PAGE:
• What is Psychedelic-Assisted Psychotherapy?

    Psychedelic assisted-psychotherapy (PAP) is a form of psychotherapy that involves the use of psychedelic substances such as psilocybin, MDMA and ketamine for the purpose of facilitating therapeutic breakthroughs and insight.

    It is a broad term that encompasses a number of different approaches and protocols using psychedelics, and which has been practiced in the Western medical model since the 1950s. Though psychedelics like LSD showed promise as therapeutic agents in those early years, a period of prohibition starting in the 1960s and through the early 2000s significantly hindered the research and development of these modalities.

    The last decade has seen a significant body of encouraging research supporting the efficacy of PAP for a number of mental health issues, especially depression, anxiety, addiction, and PTSD. Though most psychedelics are still regulated substances, the legal and medical landscape is changing quickly, and more treatment options are starting to become available to the general public.

  • What is Psychedelic Harm-Reduction and Integration (PHRI)?

    Psychedelic harm reduction and integration (PHRI) is a therapeutic framework and form of psychoeducation for addressing various kinds of psychedelic use. It brings together harm reduction practices around substance use more generally, and an emphasis on the importance of “integration” work around psychedelic use more specifically.

    It does not involve the prescription, administration or supervision of psychedelic drugs or experiences; rather, it represents the support that a therapist or coach might provide to an individual who has had or intends to have psychedelic experiences on their own, outside of therapy. For example, an individual who is interested in using psilocybin mushrooms to help them quit smoking may seek the support of a PHRI therapist to help them plan for experiences they undertake on their own, to minimize risks and increase the likelihood of positive therapeutic outcomes, including through integration sessions following these experiences.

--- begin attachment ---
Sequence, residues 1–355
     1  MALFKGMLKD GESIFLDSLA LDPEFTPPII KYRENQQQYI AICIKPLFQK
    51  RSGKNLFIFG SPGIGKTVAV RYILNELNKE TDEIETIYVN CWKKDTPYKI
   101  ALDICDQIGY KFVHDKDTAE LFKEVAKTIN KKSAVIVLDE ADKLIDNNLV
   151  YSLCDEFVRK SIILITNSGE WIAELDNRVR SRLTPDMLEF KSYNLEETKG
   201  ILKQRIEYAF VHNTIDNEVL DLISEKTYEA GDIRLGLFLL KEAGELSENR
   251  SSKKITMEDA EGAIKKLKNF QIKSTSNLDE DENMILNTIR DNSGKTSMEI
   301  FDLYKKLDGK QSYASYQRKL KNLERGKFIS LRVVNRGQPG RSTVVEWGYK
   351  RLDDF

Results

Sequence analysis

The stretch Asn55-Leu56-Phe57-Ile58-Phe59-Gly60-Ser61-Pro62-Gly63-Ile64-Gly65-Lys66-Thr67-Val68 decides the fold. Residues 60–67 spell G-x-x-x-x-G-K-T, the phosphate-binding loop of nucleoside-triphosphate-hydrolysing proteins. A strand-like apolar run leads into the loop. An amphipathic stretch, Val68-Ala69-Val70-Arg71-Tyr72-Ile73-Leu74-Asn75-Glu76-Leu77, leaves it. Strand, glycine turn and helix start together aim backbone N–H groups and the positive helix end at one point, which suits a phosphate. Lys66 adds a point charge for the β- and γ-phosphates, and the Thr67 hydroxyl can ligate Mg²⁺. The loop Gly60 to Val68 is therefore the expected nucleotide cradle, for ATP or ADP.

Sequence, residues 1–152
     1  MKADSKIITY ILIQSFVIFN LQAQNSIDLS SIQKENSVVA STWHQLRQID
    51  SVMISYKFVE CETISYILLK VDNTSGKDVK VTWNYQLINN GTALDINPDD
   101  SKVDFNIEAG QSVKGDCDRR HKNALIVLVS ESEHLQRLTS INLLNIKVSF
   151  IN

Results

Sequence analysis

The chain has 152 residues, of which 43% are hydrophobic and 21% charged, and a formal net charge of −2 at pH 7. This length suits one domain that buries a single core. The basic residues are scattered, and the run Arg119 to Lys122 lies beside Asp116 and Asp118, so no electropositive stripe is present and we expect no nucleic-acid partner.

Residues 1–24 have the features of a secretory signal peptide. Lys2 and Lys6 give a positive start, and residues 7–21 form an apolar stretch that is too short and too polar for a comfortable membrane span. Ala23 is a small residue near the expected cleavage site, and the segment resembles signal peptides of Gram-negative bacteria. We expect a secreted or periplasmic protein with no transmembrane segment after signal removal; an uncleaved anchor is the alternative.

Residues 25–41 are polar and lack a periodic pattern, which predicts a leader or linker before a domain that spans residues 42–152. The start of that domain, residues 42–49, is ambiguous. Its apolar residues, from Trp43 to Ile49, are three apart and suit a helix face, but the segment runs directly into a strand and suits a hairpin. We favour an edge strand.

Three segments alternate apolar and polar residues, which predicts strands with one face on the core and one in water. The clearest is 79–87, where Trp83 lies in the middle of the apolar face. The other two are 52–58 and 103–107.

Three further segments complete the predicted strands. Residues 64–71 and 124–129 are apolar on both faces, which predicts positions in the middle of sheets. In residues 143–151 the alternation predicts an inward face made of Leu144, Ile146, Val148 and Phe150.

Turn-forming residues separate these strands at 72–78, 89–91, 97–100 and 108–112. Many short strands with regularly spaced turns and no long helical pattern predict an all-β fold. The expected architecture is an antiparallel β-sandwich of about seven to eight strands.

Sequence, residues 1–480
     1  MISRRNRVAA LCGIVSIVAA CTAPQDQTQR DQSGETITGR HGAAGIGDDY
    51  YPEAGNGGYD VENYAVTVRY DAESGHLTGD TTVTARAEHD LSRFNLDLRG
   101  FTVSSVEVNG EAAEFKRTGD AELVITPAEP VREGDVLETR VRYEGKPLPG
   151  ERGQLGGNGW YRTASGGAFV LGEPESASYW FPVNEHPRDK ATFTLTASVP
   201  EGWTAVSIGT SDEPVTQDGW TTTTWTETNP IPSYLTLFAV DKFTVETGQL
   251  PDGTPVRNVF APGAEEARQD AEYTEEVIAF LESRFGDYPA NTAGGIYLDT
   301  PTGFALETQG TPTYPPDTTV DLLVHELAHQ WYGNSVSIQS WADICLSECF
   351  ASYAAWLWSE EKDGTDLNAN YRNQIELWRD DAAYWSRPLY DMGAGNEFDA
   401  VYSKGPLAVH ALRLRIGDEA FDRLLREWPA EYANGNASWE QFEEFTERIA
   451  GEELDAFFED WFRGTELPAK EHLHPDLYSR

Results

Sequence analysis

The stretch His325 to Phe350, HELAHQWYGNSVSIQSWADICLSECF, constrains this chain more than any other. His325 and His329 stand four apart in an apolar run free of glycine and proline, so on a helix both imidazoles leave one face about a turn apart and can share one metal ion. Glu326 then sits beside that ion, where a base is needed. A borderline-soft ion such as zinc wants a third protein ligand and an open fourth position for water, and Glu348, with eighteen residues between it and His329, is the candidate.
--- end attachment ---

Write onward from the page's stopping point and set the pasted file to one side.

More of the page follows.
PHRI therapists do not refer clients to underground therapists, and are in no way involved with the sourcing of psychedelic substances, nor do they conduct therapy while individuals are under the influence of psychedelics.

  • What is ketamine?

    Ketamine was initially developed as a surgical anesthetic in the 1970s, and continues to be used today for this purposes in hospitals. It is a well-tolerated, safe medicine from a physiological perspective that also has psychedelic and dissociative effects at certain doses. It also has a rapid antidepressant effect.

  • What is ketamine-assisted psychotherapy?

    Ketamine-assisted psychotherapy is a process whereby the effects of a dose or multiple doses of ketamine are accompanied by psychotherapy. This process generally has two approaches: the first includes sessions whereby a mild, sub-psychedelic dose of ketamine is used as a kind of catalyst for the psychotherapeutic process; that is, it facilitates dialogue between the individual and their therapist. Ketamine-assisted psychotherapy can also refer to a therapeutic process that involves longer immersive sessions whereby a full psychedelic dose of ketamine is administered for the purposes of a more internal, visionary experience. These sessions are typically accompanied by a number of preparatory and integration sessions.

  • What is Psychedelic-Assisted Psychotherapy with MDMA and psilocybin?

    MDMA and psilocybin are two psychedelics that are currently being studied and in the process of being approved in Canada and the United States for the treatment of a number of indications including PTSD, depression, anxiety, and substance use disorders.

    Though they are not fully approved yet for treatment, Health Canada has recently issued a statement with the intent of revising the Special Access Programme, which allows individuals to access other regulated substances for the treatment of various health issues if other means have failed. We are in the process of collecting the information of potential candidates for applications for these treatments, should the revision to the SAP go through in early 2021.